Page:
Herbs: Tasty, Leafy and Legal

Dried Kitchen Herbs

Home drying kitchen herbs for my killer recipes!

Sienna Somers Savvy Student preparing herbsI am going to miss picking fresh herbs from our herb garden, just a few steps from the door of our cottage. As well as using in cooking, in the evenings I often drink mint, fennel or rosemary tea. I know that fresh herbs will definitely be beyond my budget as a student, but I have a few ideas to put into practice….When I arrive, I am considering a bit of guerrilla gardening to introduce some herbs into the flower beds around my student accommodation, particularly for my much-loved bronze fennel, bought with pocket money ten years ago and now sprouting like a weed all over the garden.

I have dug up some fennel to take with me, along with some thyme and mint. I left the rosemary in a vase of water on the window ledge and it has sprouted roots and is now in my pot of herbs waiting to go to Falmouth.

I am also drying bunches of sage, rosemary, mint and thyme which I will grind up once they are dry. This is really easy and takes no more than five minutes. I am air drying the herbs, but I have also tried microwaving them with mixed results. Lavender and bay leaves dried really well in the microwave, retaining their colour and flavour, whereas the mint was tasteless.

1. Pick your herbs

From your garden or anywhere you see herbs overhanging the road or pavement.  In Branscombe, I find lots of wild herbs. Wild Marjoram is growing all over the cliffs.

2. Rinse

Rinse quickly in cold water and shake off as much of the excess water as possible or pat dry gently with a clean tea towel.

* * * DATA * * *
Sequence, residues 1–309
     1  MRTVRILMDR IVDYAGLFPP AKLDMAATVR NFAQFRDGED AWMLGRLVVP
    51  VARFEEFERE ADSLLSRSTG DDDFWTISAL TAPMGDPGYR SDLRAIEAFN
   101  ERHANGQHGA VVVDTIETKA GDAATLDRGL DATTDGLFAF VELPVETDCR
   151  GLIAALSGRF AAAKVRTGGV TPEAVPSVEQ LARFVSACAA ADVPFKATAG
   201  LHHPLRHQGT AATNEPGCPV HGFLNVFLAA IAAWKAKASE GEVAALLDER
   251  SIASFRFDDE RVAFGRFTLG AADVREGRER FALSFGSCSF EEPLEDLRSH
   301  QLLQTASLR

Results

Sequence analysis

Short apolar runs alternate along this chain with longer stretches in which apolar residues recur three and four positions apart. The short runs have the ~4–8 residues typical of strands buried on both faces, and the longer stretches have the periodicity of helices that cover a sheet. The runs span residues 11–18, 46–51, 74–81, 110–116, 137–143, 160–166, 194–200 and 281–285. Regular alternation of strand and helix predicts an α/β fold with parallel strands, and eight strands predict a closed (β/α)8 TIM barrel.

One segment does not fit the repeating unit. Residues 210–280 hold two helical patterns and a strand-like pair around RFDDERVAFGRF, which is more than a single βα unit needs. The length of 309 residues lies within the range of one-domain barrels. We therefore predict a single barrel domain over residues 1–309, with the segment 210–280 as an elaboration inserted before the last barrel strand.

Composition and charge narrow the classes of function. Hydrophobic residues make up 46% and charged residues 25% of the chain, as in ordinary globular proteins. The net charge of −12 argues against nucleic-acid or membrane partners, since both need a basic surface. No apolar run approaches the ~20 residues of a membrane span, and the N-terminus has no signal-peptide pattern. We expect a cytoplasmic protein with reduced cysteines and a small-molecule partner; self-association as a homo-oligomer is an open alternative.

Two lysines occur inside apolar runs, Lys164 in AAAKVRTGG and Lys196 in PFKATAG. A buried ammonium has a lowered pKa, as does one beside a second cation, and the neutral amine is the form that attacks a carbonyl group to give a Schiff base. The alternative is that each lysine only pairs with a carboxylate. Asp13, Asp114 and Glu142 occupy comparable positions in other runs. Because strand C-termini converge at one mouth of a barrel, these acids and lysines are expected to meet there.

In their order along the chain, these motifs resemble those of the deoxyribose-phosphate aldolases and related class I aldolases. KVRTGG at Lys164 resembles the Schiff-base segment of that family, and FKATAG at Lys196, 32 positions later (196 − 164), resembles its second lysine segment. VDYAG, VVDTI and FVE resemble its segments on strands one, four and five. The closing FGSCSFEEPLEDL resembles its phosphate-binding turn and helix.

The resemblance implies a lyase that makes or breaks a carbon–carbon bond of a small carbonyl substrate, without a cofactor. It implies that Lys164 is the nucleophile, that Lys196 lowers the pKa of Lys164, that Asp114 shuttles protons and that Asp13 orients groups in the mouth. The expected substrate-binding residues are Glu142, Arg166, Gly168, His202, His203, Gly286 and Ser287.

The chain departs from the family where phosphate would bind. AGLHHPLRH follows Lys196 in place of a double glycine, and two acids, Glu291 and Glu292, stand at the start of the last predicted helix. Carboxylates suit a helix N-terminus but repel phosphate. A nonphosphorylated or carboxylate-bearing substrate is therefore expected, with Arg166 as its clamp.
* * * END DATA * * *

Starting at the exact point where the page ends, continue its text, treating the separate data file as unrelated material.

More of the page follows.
3. Tie

Rinse quickly in cold water and shake off as much of the excess water as possible or pat dry gently with a clean tea towel.

tied herbs

4. Put in paper bags

Find some brown or dark paper bags and cut some small air holes in them.

5. Dangle

Dangle the bunches of herbs into the bag. With a separate piece of string, tie tightly around and around at the top of the bag.

herbs-in-bag6. Hang

The long piece of string used to tie the bunches of herbs can then be used to make a loop and the herbs can be hung to dry in a warm place. I have hung mine in the conservatory, but somewhere a bit darker may be better.herbs-dangle

 7. Wait

After a few weeks when the herbs look dry, grind them up and put into small jars or little plastic bags. Rosemary, lavender and similar can just be stripped from their stalks, whilst sage, mint and the like are best when ground with a pestle and mortar, although you can just crumple them in your hands when dry.  Put the herbs into small bottles, or bags if you have no bottles.

Savvy Student strips the thyme

My favourite evening tea is liquorice and peppermint, so I am going to try to make my own teabags once the mint has dried. Mumma bought me some teabag sachets, so I can just fill them with dried herbs and spices to make my own herbal teas.

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